We provide the Executive branch with funds to execute something. In each of your examples (gay marriage, drug legalization, gun regulation) requires the Federal Government to do something.

    So for each of you examples we want the federal government to do nothing and not be involved. How will the minority block nonexistent funding for something we don't want the executive branch to do?

    For the minority to act in an obstinate manner we first have to pass legislation requiring the executive branch to do something. Which brings me to my next point. During the past four days, we have had several people trot out sob stories and other emotionally tugs at our heart strings. All the while missing the point that if you don't want the minority yanking the funding out from under it don't put it within their grasp. The only way to do that is to not incorporate it at the Federal level.

  44. Ryan  •  Oct 4, 2013 @2:22 pm

    @David

    From what I'm reading, the Republicans may have a majority in the House, but the Representatives that favour this approach do not constitute a majority of Republicans.

    Indeed, the WP article above points out that there are enough Republicans willing to vote for a "clean funding resolution" that it could pass the House even with the current Tea Party opposition, but the GOP leadership in the house isn't willing to call a vote on a clean funding resolution.

    Like I said, procedural shenanigans.

  45. Ryan  •  Oct 4, 2013 @2:33 pm

    @HamOnRye

    For the minority to act in an obstinate manner we first have to pass legislation requiring the executive branch to do something. Which brings me to my next point. During the past four days, we have had several people trot out sob stories and other emotionally tugs at our heart strings. All the while missing the point that if you don't want the minority yanking the funding out from under it don't put it within their grasp. The only way to do that is to not incorporate it at the Federal level.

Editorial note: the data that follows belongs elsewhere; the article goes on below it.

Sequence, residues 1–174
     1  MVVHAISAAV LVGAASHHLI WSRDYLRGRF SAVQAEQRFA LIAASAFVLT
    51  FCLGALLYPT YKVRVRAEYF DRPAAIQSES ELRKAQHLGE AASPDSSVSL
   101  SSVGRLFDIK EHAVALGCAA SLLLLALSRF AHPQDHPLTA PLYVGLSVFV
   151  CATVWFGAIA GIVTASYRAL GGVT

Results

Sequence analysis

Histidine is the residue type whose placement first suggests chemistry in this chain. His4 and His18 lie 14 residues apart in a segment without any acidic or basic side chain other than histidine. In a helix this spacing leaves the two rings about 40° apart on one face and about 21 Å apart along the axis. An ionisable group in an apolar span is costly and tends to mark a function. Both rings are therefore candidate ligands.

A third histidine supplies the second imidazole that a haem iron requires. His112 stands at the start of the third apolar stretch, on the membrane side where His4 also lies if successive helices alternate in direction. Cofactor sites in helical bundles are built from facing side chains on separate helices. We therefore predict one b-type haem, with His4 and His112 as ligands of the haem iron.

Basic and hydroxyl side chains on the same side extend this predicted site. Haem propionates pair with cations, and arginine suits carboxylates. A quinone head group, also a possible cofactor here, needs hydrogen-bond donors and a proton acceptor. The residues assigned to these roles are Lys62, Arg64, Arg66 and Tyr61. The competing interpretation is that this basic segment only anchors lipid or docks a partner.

This isn't true either. The House is currently preventing a clean funding resolution from passing because they want to defund part of government operations, but there is absolutely nothing stopping them from refusing to pass any funding resolution because of another federal policy they don't like that isn't attached to the budget. That's my point.

    If the precedent is set that a minority interest can defund government operations because of an Executive Policy they don't like which has been supported by all of Congress in the past (linked to budget or not), then it can be done again in the future, and for far less palatable reasons. Right now its a funding fight over medical coverage; there is nothing stopping it from being a fight over policy principles (which this essentially is, it just has budgetary provisions attached) except when it runs afoul of the Constitution.